Welcome to The Imperial Presidency: Part Two


During a speech at Northwestern University on March 5th, Attorney General Eric Holder gave the most detailed look into the process of how and why the United States decides to kill people it deems national security threats. Tellingly, the administration provided a legal justification for targeted killings through a university speech rather than a Justice Department memorandum. In a speech, no legal footnotes are required, and rhetoric rather than dispassionate judicial logic is most important. Holder’s speech offered a concise description of a process that seems very problematic and was couched in the language of patriotism so as to make its more incongruous points more palatable to the listener.

Holder offers no new arguments or information, but instead an official description of a legal process that was until this point only conjecture. He could be commended for this if the process he described wasn’t completely bogus. His speech justified a massive concentration of power in the executive branch of the federal government and a dismissal of the Supreme Court’s legal authority simply because We Are At War With Evil Terrorists.

As Glenn Greenwald summarized the speech: “We are at War; the Battlefield is everywhere; Presidents have the right to spy on, detain and kill combatants without court permission; the Executive Branch is the sole organ for war and no courts can interfere in the President’s decisions.” All justifications follow from the first statement: we are at war. The war on terror is an amorphous and undefined endeavor, so justifications for the executions of Americans allegedly involved in this war without legal oversight seem remarkably specious.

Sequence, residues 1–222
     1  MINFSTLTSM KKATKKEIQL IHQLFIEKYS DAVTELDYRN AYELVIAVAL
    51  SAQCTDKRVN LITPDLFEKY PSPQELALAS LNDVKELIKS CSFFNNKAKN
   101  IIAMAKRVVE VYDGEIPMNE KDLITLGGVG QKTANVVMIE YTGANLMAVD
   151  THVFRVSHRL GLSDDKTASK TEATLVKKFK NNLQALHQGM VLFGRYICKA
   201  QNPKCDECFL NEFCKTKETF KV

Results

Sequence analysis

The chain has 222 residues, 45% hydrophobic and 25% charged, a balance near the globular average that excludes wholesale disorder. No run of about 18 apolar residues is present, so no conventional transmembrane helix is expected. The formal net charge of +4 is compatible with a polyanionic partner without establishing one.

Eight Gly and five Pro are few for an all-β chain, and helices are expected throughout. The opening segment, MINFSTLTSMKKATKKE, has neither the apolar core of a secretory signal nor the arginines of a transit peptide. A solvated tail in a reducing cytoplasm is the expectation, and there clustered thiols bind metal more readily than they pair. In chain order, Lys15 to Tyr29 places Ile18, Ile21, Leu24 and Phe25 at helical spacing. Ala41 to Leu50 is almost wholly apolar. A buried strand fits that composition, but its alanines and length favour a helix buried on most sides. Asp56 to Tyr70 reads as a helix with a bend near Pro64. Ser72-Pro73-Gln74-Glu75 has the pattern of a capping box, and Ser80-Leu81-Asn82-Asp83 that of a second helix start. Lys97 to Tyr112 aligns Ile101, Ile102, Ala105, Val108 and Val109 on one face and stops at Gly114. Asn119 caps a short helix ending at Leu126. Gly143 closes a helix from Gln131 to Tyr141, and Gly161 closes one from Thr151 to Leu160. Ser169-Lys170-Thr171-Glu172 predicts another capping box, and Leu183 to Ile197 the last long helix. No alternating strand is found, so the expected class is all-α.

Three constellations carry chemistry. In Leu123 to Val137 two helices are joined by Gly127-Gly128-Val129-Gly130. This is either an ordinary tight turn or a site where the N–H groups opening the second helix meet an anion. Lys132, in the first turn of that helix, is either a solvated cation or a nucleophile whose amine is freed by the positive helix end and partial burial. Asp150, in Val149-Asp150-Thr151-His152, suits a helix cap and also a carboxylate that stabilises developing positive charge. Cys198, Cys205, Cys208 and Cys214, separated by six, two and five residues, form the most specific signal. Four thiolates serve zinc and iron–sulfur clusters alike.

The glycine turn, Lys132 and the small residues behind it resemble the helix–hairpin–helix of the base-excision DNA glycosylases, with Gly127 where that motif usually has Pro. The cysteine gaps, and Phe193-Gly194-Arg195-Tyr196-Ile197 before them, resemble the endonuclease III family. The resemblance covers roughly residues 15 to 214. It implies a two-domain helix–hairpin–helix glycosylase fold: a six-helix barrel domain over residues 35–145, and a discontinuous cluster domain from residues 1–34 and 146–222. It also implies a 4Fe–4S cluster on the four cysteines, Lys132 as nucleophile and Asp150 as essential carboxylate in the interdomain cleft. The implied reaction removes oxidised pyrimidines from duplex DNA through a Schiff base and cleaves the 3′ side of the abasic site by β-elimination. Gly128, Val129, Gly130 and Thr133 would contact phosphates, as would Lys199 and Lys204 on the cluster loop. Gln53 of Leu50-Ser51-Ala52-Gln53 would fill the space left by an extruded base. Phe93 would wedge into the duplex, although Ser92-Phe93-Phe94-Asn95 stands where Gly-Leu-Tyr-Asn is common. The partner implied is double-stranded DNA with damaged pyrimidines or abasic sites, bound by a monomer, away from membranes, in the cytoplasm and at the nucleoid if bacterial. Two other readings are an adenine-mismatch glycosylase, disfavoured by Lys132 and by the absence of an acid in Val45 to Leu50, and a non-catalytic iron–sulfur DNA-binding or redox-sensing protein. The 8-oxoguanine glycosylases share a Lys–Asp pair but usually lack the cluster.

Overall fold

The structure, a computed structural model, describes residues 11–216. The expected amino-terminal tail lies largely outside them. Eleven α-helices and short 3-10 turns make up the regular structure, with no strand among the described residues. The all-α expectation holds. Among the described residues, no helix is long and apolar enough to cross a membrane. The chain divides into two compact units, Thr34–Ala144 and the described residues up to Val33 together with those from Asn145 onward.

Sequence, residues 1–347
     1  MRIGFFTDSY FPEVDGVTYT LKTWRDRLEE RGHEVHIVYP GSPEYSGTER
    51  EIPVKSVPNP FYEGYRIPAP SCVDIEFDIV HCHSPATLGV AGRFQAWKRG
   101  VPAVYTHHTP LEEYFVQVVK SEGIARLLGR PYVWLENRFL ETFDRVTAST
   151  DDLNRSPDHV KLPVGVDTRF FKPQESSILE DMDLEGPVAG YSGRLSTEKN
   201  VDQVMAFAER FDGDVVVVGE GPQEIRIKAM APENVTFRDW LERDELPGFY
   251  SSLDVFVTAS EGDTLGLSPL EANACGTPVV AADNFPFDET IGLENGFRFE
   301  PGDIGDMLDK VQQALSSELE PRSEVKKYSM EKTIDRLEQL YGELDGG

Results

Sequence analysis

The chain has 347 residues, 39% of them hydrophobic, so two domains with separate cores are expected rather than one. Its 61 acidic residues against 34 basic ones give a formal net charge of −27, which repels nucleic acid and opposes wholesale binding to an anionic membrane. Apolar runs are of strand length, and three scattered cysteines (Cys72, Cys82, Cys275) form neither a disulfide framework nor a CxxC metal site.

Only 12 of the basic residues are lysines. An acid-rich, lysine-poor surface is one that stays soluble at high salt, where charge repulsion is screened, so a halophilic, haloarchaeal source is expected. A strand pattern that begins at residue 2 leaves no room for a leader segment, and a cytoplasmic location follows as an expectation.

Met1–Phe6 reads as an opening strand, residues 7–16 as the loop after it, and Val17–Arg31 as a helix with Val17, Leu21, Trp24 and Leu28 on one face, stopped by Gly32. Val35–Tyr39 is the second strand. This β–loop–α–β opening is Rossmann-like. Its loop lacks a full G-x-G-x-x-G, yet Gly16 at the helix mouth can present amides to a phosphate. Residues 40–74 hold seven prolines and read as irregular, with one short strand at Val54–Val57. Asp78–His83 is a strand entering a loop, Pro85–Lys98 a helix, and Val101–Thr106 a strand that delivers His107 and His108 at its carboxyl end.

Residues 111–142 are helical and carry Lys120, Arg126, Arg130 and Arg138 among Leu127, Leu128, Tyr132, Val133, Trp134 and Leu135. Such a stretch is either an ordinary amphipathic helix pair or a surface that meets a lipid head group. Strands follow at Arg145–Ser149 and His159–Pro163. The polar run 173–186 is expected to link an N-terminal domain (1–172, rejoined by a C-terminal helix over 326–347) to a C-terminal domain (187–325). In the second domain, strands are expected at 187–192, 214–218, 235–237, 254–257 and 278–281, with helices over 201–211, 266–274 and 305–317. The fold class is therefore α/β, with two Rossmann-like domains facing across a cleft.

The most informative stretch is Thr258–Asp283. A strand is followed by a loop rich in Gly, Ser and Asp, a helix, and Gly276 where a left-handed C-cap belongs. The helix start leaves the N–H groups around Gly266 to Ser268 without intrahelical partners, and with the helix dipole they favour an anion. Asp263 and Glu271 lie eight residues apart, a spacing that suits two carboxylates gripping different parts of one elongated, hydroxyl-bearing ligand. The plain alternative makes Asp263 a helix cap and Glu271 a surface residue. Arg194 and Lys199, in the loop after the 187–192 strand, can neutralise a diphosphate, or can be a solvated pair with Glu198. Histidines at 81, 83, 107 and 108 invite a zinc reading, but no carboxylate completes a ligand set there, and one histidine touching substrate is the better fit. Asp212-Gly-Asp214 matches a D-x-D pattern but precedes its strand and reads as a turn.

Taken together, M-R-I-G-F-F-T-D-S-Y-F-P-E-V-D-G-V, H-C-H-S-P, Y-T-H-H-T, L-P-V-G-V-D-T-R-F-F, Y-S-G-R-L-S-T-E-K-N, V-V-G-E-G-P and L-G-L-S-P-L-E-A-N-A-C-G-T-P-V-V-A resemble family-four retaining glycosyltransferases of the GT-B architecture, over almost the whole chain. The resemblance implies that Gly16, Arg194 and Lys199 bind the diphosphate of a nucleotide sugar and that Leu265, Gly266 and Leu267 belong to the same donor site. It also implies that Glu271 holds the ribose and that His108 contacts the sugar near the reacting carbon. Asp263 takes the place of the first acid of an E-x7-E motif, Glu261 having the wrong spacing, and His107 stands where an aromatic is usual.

Targets that constitute “operational” or “imminent” threats to American civilians or armed forces invoke this broad executive power, according to Holder:

Some have argued that the President is required to get permission from a federal court before taking action against a United States citizen who is a senior operational leader of al Qaeda or associated forces.   This is simply not accurate.

Holder here is solidifying the executive branch’s power to supersede legal adjudication as well as oversight from other branches of government. The question of who is an operational threat and how they become one is the key question of this entire debate and it is a question decided by a shady internal process which may or may not be accurate.

Holder rejects the idea that the executive branch is unchecked if there is no judicial check:

“Due process” and “judicial process” are not one and the same, particularly when it comes to national security.  The Constitution guarantees due process, not judicial process….

The Supreme Court ruled in 2004 that “the threats to military operations posed by a basic system of independent review are not so weighty as to trump a citizen’s core rights to challenge meaningfully the government’s case and to be heard by an impartial adjudicator,” which contradicts Holder’s assertion and invites scrutiny of his efforts to separate the executive and judicial branches. Perhaps Holder knows what the administration is doing is illegal, and wishes to completely bar the legal system from adjudicating anything under the auspices of the war on terror to supersede any pesky lawyers.